I was ecstatic of my first time results.

Of my 25 DVD movies, only one title was a movie that I already owned (Grown Ups) which as fate would have it I have in Bluray, 10 titles that I had never seen before with three of those I had almost purchased new from another source (and probably would have if the prices were closer to what I was willing to have paid at the time) and 12 titles that I found myself actually happy to be available to watch on Plex even though I had seen the movie before. Three movies I couldn’t copy, due to blemishes on the disc, but a quick Colgate polishing trick allowed two of the movies to be ripped. I think that the 300 disc is just to scratched and needs to be professionally fixed, a service that some used DVD/Bluray retailer will do for a small fee. Of the 25 titles, 8 of them including Grown Ups, I was kinda meh about, but I know that they will be popular with some individuals who I grant access to my Server so I’ll rip it for them. I’m actually more disturbed over the fact that six of the titles were in full screen and not wide screen format, but it was a risk that I knowingly took and when you consider that 11 of the titles (12 if I can get 300 fixed) I couldn’t be happier about and simply discarded the ones that I wasn’t 100% satisfied with, that breaks it down to $1.90 per movie ($1.75 if I manage to get 300 fixed for free).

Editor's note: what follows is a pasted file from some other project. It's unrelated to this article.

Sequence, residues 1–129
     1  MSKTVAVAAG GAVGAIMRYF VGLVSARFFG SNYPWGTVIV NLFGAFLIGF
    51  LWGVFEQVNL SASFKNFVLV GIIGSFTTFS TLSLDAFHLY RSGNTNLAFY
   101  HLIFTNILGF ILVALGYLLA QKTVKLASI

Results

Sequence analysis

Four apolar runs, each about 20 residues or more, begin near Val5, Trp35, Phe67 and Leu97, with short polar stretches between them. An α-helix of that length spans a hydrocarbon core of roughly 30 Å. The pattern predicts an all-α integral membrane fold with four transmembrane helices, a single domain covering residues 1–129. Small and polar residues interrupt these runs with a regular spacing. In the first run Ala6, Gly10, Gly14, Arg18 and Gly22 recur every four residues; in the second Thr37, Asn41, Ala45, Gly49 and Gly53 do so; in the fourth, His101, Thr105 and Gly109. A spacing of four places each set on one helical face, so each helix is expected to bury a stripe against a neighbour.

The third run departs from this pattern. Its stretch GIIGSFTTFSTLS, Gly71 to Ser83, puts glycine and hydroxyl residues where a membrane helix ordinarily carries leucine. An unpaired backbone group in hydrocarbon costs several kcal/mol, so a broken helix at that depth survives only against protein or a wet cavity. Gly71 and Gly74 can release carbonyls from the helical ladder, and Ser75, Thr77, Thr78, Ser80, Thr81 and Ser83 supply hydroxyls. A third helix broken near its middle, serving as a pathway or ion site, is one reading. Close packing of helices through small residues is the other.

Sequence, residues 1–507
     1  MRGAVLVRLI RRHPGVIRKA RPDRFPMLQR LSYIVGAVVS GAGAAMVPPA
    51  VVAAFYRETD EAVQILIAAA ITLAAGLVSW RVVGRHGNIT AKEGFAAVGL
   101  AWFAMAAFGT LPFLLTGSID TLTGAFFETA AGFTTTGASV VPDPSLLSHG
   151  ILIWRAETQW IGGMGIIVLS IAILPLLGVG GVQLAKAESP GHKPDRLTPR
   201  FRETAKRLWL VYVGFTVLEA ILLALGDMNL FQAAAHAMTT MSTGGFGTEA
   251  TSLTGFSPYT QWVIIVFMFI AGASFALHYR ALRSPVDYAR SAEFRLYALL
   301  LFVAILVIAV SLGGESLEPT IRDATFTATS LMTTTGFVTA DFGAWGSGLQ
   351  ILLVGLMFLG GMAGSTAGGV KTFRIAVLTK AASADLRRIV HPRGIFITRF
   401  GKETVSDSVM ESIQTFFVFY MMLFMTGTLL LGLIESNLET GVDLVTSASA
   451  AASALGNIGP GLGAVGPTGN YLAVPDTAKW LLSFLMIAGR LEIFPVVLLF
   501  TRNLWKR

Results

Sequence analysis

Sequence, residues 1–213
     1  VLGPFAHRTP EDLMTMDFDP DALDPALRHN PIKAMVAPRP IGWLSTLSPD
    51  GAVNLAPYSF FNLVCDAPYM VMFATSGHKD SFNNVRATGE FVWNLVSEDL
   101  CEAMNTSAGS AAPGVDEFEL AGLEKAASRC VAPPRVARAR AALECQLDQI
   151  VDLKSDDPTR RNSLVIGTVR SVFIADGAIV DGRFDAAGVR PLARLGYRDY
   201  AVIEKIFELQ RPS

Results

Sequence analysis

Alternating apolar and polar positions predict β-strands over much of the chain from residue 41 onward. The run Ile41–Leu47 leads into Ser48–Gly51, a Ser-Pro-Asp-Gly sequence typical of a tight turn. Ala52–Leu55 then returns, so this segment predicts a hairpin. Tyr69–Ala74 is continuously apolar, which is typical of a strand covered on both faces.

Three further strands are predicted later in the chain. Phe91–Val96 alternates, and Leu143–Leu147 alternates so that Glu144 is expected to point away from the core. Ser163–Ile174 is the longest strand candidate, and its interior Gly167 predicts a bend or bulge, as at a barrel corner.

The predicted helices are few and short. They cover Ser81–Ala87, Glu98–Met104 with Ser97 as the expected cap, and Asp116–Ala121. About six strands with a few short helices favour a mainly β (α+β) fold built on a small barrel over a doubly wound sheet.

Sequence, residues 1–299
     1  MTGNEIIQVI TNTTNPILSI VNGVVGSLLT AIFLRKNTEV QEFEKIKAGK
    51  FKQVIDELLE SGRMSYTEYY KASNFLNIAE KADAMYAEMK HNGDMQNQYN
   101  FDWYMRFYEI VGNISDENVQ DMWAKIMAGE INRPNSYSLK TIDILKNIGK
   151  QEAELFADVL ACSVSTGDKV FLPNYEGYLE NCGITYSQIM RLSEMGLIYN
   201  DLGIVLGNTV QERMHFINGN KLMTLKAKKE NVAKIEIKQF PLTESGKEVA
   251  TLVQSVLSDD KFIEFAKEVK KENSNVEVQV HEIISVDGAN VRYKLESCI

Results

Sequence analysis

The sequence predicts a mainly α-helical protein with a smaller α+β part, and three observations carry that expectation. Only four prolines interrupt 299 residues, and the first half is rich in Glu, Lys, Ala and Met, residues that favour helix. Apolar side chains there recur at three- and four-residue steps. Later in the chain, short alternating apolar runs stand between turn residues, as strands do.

As I said before, the risks are pretty high in getting duplicate or damaged titles, but when building up your library it also means that the payoffs can make it worth the chances you’re taking. Ripping DVD’s does tend to be a little easier than ripping Bluray discs and I think that this makes those who are just beginning to take advantage of Plex and what it offers slightly more appealing and less costly than buying new or used movies.


Redbox, like other movie rental places, will buy an abundance of recently released movies to stock up, ensuring that most everyone has an opportunity to rent it. They then they make the titles available to sell as popularity dies down. There’s two ways to purchase a used Redbox movie. Go to your local kiosk and see which of the titles are available for purchase or go online and check. If you go online it will tell you which kiosks have them. Several of my Marvel Cinematic Universe movies are in Bluray format from Redbox. Sure, I’m missing the special features discs that came with some of the titles as well as the fancy case with artwork but when you consider that the Iron Man Bluray, a movie that launched the cinematic franchise 11 years ago still sells for almost the same price as a new Bluray movie, I’m personally okay with buying a used copy for $5-6 and giving up the special features disc and designated case.